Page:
“Thus it looks more two-dimensional than three-dimensional, structurally and electronically,” Mitchell said.

This nickelate and a compound containing lanthanum rather than praseodymium both share the quasi-two-dimensional trilayer structure. But the lanthanum analog is non-metallic and adopts a so-called “charge-stripe” phase, an electronic property that makes the material an insulator, the opposite of a superconductor.

“For some yet-unknown reason, the praseodymium system does not form these stripes,” Mitchell said. “It remains metallic and so is certainly the more likely candidate for superconductivity.”

Argonne is one of a few laboratories in the world where the compound could be created. The Materials Science Division’s high-pressure optical-image floating zone furnace has special capabilities. It can attain pressures of 150 atmospheres (equivalent to the crushing pressures found at oceanic depths of nearly 5,000 feet) and temperatures of approximately 2,000 degrees Celsius (more than 3,600 degrees Fahrenheit), conditions needed to grow the crystals.

“We didn’t know for sure we could make these materials,” said Argonne postdoctoral researcher Junjie Zhang, the first author on the study. But indeed, they managed to grow the crystals measuring a few millimeters in diameter.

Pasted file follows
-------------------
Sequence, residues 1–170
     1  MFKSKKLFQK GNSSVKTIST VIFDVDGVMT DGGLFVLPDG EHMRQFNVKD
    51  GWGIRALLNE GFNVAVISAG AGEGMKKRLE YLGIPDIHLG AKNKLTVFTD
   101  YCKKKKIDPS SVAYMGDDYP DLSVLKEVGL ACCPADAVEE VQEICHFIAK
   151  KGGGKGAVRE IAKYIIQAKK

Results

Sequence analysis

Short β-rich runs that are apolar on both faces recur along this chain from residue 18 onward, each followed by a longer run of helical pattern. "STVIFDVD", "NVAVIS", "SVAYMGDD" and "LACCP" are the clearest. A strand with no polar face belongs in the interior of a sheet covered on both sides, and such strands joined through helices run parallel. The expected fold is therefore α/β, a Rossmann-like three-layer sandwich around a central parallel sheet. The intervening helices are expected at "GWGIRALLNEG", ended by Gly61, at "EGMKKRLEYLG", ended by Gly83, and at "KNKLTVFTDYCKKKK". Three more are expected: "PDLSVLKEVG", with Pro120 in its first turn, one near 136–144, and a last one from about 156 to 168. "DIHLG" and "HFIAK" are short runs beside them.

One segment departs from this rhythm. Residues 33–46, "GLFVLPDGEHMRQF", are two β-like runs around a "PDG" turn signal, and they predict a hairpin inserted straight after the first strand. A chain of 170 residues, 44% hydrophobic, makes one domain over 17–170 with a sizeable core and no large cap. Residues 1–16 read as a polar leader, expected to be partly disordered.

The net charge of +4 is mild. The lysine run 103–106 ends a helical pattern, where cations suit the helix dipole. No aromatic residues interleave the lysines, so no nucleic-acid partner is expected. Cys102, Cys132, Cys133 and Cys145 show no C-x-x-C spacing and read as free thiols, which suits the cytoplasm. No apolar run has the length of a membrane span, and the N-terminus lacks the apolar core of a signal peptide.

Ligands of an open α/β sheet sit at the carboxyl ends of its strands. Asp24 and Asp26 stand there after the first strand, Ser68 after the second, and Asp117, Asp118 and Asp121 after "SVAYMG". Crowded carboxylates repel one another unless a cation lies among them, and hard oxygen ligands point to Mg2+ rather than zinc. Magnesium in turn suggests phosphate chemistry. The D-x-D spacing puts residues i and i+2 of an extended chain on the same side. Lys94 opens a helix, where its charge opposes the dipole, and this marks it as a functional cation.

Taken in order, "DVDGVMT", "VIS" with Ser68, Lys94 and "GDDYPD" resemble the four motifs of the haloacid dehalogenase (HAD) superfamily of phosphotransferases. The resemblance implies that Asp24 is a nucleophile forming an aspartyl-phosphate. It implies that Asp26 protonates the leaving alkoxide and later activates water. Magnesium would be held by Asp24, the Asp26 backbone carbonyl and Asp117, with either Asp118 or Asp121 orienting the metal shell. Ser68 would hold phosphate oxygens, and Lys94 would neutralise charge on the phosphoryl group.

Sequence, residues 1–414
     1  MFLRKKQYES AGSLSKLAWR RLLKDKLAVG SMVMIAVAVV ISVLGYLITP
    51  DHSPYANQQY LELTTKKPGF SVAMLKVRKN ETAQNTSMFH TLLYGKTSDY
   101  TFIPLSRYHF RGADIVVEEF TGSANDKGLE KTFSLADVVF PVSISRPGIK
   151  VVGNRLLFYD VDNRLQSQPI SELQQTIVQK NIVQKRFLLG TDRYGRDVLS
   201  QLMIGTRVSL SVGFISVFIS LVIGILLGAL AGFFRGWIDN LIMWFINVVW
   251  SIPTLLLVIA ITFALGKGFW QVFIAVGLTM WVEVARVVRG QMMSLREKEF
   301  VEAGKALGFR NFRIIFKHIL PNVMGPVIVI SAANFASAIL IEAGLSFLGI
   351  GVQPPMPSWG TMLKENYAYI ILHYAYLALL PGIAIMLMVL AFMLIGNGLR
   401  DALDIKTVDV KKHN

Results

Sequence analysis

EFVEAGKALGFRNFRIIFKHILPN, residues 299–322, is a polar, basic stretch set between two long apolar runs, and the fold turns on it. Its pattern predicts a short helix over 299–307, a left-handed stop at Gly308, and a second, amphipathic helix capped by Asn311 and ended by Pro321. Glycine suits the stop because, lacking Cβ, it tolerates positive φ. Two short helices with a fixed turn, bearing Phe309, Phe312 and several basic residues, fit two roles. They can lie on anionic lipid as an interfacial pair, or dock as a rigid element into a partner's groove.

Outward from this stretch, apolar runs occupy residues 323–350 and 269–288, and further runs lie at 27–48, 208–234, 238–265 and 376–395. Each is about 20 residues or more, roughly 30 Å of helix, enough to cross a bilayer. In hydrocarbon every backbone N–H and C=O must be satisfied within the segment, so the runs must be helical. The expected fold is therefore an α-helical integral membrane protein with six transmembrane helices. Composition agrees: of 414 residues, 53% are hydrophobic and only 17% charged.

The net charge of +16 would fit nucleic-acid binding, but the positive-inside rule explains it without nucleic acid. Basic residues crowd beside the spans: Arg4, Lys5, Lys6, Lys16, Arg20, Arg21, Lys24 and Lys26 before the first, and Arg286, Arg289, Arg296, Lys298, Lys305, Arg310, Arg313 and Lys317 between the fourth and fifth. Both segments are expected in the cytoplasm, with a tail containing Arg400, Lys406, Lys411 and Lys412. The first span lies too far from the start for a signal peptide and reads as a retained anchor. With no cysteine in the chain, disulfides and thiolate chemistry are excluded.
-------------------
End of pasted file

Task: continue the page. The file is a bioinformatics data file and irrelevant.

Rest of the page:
The research team verified that the electronic structure of the nickelate resembles that of cuprate materials by taking X-ray absorption spectroscopy measurements at the Advanced Photon Source, a DOE Office of Science User Facility, and by performing density functional theory calculations. Materials scientists use density functional theory to investigate the electronic properties of condensed matter systems.

“I’ve spent my entire career not making high-temperature superconductors,” Mitchell joked. But that could change in the next phase of his team’s research: attempting to induce superconductivity in their nickelate material using a chemical process called electron doping, in which impurities are deliberately added to a material to influence its properties.

The researchers are zeroing in. Hopefully they find a bonanza of opportunities for superconductivity material choices. Its going to take more time, but the payoff will be huge and last forever.